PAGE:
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Electrochemistry and Electric Grid > Electrocatalysis

Electrohydrogenation: Enabling Science for Renewable Fuels

Start Date: September 2012
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Robert Waymouth and Christopher Chidsey, Department of Chemistry, Stanford University


The goal of this project is to develop efficient strategies for using renewable sources of electricity to produce energy-dense liquid fuels from carbon dioxide (CO2) and biomass.  Researchers will develop new families of electrocatalysts for the electrohydrogenation of CO2 to carbon-neutral fuels.

Developing a broad understanding of the energetics and kinetics of efficient electro-hydrogenation is an important frontier in chemistry. If successful, this project will provide new scientific insights that will expand the range of technology options for reducing global greenhouse gas emissions by producing carbon-neutral fuels for the storage of renewable electricity, transportation and other sectors where carbon-based fuels dominate. Efficient electro-hydrogenation catalysts for CO2 have the potential for application at significant scale, particularly at sites where renewable but intermittent electricity from solar or wind energy is available.


Carbon-based liquid fuels are currently the most efficient and versatile energy carriers for high- power, mobile energy needs.  Developing new strategies to convert clean electricity to liquid fuels is a critical frontier in the transition to a renewable energy economy.  One potentially game-changing technique is electrohydrogenation – the use of an electrocatalyst to drive the chemical reaction between a molecule and hydrogen.

The goal of this project is to develop technologies that use electricity from renewable sources to (1) convert CO2 into carbon-neutral fuels, such as methanol, or (2) transform biomass into long-chain molecules that can also be used as fuel.

CO2 is kinetically and thermodynamically inert, making reduction by chemical hydrogenation or electro-reduction very difficult.  The products of CO2 partial reduction, formic acid and formates, are likewise resistant to reduction.1 CO2 electro-reduction studies date back to experiments done on zinc more than a century ago.2, 3 In general, large overpotentials are required that are thought to result from a reduced CO2–intermediate that is only partially stabilized by association with the metal surface.2


Insights gained over the last decade in chemistry will be used to discover new classes of energy-efficient electrohydrogenation catalysts. Research will focus on three areas– chemical hydrogenation of CO2, transfer hydrogenation chemistry and electrochemical reduction of CO2 – to develop new approaches to CO2 activation and electrochemical hydrogenation at low overpotential.  Transfer hydrogenation catalysis (Figure 1) is a promising strategy for hydrocarbon reduction that occurs rapidly with high-energy efficiency (low thermodynamic driving force).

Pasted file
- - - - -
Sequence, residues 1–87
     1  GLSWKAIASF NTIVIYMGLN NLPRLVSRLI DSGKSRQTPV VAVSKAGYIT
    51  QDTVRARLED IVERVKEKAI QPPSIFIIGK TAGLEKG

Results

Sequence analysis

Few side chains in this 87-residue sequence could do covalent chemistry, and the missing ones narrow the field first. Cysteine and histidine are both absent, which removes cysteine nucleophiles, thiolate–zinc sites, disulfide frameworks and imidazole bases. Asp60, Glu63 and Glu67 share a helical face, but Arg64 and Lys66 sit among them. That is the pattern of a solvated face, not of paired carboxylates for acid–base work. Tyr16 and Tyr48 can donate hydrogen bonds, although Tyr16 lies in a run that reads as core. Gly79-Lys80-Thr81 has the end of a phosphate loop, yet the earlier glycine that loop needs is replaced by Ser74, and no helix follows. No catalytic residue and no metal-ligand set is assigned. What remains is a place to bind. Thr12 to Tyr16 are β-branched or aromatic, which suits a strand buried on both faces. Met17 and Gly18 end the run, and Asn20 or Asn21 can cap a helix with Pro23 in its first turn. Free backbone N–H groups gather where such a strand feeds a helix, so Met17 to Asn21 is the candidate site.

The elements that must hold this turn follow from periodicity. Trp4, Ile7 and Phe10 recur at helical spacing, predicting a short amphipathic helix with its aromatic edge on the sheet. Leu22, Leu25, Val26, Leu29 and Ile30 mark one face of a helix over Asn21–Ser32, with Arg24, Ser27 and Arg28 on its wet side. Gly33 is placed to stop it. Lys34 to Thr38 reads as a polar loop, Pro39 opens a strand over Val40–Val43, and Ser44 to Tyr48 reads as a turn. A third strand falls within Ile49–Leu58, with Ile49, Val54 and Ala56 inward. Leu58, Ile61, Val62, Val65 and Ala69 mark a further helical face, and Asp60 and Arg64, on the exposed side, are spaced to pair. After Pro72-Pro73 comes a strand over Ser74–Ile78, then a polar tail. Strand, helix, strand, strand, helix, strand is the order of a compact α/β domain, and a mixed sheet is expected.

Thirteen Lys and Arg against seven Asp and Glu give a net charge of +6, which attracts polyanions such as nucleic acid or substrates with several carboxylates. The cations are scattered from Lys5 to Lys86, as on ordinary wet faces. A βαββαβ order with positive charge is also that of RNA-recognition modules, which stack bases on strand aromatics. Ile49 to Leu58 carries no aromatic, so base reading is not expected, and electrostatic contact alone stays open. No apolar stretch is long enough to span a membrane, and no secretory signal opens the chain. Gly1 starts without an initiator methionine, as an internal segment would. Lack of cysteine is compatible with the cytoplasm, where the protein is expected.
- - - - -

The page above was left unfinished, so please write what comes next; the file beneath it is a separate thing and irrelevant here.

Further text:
Figure 1

Figure 1: Schematic of the transfer hydrogenation of ketones with alcohols. Catalysts hydrogenate ketones with isopropanol or formic acid as the hydrogen source.4, 5

Ligand-assisted transfer hydrogenation mechanisms provide promising leads for the efficient and rapid rearrangement of two electrons and two protons from a metal complex to a C=O double bond. These strategies will be coupled with insights derived from proton-coupled electron transfer.

A cross-cutting study of metal catalysts that could be electro-reduced to metal hydrides capable of rapid and efficient hydrogenation of C=O bonds will be carried out. These metals will be incorporated into coordination complexes in which the metal hydrides can be readily formed electrochemically from protons and electrons. This technique will allow the metal hydride and a proton on a ligand of the complex to react with C=O bonds by low-energy pathways.

To upgrade biomass to fuels, researchers will target the electro-hydrogenation of the C=O bonds in CO2, carbonates, formates and C=O-containing compounds derived from carbohydrates.


[1] Balaraman, E., et al., “Efficient hydrogenation of organic carbonates, carbamates and formates indicates alternative routes to methanol based on CO2 and CO” Nat Chem 2011, 3, 609-614.

[2] Whipple, D. T.; Kenis, P. J. A. “Prospects of CO2 Utilization via Direct Heterogeneous Electrochemical Reduction” J. Phys. Chem. Lett. 2010, 1, 3451-3458.

[3] Benson, E. E.; Kubiak, C. P.; Sathrum, A. J.; Smieja, J. M. “Electrocatalytic and homogeneous approaches to conversion of CO2 to liquid fuels” Chem. Soc. Rev. 2009, 38, 89-99.

[4] Ikariya, T.; Blacker, A. J. “Asymmetric transfer hydrogenation of ketones with bifunctional transition metal-based molecular” Acc. Chem. Res. 2007, 40, 1300-1308.

[5] Haack, K. J.; Hashiguchi, S.; Fujii, A.; Ikariya, T.; Noyori, R. “The catalyst precursor, catalyst, and intermediate in the Ru-II-promoted asymmetric hydrogen transfer between alcohols and ketones” Angew. Chem., Int. Ed. 1997, 36, 285-288.